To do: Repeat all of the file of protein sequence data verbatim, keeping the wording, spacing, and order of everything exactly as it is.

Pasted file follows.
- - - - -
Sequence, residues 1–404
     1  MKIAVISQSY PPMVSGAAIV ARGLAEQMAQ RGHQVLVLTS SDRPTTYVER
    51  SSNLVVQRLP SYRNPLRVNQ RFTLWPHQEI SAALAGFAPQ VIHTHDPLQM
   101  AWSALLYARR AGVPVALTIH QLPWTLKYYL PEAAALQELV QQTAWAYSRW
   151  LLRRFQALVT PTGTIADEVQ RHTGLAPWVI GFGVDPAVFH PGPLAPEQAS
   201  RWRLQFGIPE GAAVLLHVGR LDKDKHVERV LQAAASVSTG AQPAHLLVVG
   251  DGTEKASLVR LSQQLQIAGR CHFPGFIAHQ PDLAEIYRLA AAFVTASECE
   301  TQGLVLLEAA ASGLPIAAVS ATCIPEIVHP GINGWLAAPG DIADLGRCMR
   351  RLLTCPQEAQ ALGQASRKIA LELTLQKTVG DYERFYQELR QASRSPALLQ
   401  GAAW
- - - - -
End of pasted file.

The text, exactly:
Sequence, residues 1–404
     1  MKIAVISQSY PPMVSGAAIV ARGLAEQMAQ RGHQVLVLTS SDRPTTYVER
    51  SSNLVVQRLP SYRNPLRVNQ RFTLWPHQEI SAALAGFAPQ VIHTHDPLQM
   101  AWSALLYARR AGVPVALTIH QLPWTLKYYL PEAAALQELV QQTAWAYSRW
   151  LLRRFQALVT PTGTIADEVQ RHTGLAPWVI GFGVDPAVFH PGPLAPEQAS
   201  RWRLQFGIPE GAAVLLHVGR LDKDKHVERV LQAAASVSTG AQPAHLLVVG
   251  DGTEKASLVR LSQQLQIAGR CHFPGFIAHQ PDLAEIYRLA AAFVTASECE
   301  TQGLVLLEAA ASGLPIAAVS ATCIPEIVHP GINGWLAAPG DIADLGRCMR
   351  RLLTCPQEAQ ALGQASRKIA LELTLQKTVG DYERFYQELR QASRSPALLQ
   401  GAAW